How understanding Oscillator Networks could help unlock the secrets of brain diseases

Oxford Mathematician Christian Bick talks about his and colleagues' research into oscillator networks and how it could be valuable in understanding diseases such as Parkinson's.

"Many systems that govern crucial aspects of our lives can be seen as networks of interacting oscillators. On a small scale, for example, the human brain consists of individual cells that can send bits of information to each other periodically. On a large scale, the power grid of an entire country can be seen as a network of rotating units (generators and motors). The function of these oscillator networks crucially depends on how the units evolve together. For a power grid to be stable it needs to be synchronized to a common grid frequency—think of the 50Hz coming out of  your power outlets at home. By contrast, too much synchronization in the brain is believed to be detrimental as it has been associated with a range of disorders such as epilepsy and Parkinson’s disease.

Synchronization, where distinct units will behave in the same way as time goes on, can arise spontaneously in networks of interacting oscillators. Already Christian Huygens noticed in 1665 that two of his oscillating pendulum clocks showed an “odd kind of sympathy” when they were allowed to interact: they would swing in unison after some time. Mathematical models can help understand how network interactions—the coupling between oscillators—allow for synchronization to arise in oscillator networks.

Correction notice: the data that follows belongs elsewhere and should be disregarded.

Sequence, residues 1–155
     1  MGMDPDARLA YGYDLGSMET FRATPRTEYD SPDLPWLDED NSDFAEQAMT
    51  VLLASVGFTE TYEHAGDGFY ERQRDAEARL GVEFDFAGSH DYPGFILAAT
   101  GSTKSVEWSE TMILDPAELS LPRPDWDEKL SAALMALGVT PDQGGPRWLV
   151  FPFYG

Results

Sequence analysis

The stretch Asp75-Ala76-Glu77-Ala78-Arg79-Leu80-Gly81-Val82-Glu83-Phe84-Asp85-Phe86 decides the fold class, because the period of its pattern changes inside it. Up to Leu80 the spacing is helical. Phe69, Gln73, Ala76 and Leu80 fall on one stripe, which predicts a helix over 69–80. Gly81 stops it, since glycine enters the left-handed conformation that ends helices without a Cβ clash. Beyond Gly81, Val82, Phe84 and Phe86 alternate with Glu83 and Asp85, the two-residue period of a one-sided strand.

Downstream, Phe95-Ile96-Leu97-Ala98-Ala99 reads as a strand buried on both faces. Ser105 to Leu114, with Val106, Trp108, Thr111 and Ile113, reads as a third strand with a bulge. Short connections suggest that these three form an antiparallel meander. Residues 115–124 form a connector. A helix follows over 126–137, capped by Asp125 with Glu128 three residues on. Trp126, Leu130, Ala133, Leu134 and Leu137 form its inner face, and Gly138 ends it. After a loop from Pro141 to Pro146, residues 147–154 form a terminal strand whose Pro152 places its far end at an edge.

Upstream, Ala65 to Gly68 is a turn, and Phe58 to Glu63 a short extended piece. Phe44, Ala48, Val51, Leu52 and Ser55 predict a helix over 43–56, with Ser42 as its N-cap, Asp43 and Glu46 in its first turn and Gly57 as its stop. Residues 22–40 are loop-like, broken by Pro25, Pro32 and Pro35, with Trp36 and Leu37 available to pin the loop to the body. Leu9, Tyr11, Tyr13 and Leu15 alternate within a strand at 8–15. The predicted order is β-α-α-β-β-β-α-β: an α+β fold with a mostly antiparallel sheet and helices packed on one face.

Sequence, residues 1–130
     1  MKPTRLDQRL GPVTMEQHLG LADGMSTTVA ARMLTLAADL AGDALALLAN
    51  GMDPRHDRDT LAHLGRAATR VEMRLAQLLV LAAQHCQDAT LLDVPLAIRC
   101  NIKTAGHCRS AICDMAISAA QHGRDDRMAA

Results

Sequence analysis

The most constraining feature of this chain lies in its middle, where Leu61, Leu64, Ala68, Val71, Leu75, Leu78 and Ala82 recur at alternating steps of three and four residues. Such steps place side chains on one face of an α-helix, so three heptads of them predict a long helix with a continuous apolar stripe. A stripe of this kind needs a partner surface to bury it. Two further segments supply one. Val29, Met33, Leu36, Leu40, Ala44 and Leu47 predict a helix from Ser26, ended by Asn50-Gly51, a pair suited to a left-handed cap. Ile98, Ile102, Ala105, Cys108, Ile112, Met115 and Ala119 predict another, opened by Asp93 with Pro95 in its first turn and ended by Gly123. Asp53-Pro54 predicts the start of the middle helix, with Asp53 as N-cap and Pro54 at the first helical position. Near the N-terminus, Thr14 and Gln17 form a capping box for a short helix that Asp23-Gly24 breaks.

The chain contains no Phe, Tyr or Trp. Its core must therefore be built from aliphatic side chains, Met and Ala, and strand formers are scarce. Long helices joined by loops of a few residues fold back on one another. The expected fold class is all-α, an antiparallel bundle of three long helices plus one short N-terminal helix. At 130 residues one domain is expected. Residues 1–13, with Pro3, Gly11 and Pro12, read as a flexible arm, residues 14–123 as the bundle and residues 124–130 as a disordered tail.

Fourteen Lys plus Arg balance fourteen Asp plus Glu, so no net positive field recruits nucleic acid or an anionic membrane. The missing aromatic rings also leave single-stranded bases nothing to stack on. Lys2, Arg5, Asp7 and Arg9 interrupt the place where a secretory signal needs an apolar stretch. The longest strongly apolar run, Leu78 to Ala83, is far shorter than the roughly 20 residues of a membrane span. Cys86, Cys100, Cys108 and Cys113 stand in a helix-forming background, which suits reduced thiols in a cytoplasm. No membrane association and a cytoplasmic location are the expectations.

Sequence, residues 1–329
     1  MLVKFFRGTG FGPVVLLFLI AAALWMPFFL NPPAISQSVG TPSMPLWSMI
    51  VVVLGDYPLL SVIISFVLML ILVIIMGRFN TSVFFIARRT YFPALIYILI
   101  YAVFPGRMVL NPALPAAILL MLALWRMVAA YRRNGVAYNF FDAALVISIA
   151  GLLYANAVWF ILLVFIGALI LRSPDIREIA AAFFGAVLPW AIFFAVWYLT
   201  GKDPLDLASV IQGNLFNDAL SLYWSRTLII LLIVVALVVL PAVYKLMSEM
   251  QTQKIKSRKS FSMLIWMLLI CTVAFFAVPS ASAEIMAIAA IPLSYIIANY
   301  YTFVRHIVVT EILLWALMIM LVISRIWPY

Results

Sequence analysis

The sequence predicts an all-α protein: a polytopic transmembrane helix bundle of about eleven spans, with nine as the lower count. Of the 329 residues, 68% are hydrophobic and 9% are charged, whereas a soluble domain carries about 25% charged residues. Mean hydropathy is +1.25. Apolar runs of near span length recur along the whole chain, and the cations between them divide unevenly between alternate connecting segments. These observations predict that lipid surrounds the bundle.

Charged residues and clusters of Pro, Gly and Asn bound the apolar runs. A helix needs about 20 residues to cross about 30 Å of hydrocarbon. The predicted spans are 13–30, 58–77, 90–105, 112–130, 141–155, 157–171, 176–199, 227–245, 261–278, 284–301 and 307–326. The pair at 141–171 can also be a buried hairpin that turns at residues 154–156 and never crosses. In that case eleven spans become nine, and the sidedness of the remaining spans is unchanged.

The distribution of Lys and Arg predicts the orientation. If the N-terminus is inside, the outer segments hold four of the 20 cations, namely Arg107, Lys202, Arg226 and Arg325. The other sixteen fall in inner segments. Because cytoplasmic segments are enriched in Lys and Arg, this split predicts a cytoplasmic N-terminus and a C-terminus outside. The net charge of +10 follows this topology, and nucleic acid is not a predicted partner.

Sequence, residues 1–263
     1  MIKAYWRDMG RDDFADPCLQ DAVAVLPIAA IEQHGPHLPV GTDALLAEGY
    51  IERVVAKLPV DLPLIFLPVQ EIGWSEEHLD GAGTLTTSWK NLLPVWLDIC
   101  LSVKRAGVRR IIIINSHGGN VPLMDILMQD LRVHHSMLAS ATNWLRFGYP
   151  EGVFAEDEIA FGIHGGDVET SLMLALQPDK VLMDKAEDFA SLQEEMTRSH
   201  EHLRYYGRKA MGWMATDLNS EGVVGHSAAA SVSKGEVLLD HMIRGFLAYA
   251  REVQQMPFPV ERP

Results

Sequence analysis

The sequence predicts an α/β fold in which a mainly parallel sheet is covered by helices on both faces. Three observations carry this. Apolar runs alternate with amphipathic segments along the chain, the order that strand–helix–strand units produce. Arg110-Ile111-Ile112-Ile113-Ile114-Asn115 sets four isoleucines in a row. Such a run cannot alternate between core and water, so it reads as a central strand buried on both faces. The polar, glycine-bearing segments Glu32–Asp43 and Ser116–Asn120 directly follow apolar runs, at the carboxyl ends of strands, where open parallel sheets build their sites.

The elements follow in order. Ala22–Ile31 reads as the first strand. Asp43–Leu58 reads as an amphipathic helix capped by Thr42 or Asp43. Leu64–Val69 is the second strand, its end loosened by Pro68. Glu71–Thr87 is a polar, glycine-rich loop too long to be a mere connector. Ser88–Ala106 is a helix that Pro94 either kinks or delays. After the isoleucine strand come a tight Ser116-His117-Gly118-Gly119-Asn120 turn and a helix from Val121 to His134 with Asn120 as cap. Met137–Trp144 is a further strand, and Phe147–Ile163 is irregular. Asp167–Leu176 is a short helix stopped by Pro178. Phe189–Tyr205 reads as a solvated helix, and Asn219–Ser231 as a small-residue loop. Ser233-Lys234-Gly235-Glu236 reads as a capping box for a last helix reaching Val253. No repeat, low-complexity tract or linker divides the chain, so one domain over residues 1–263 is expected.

In contrast to synchronized dynamics, we are interested in networks where identical oscillators can show distinct dynamics in the following sense. Take a collection of oscillators which would oscillate at the same frequency in isolation. Now when you make these oscillators interact in a particular way, then half of the oscillators will be oscillating at one frequency while the other half is oscillating at another frequency! In other words, there is a separation of frequencies that purely arise due to the network interactions. In work with collaborators at St. Louis University we studied this phenomenon in a network of four oscillators. We first analyzed the effect in a mathematical model. Guided by the theoretical work, we then demonstrated the same effect in an experimental setup of electrochemical oscillators with suitable network interactions.

Our results shed further light on the effect the network structure has on the dynamics of interacting oscillators. In particular, they indicate what network interactions allow for dynamics where only part of the oscillators are synchronized in frequency. Hence, if neural disease is indeed related to abnormal levels of synchrony, these insights could, for example, be useful in devising means to prevent or counteract pathological synchronization (as in Parkinson's disease) by tuning the network interactions."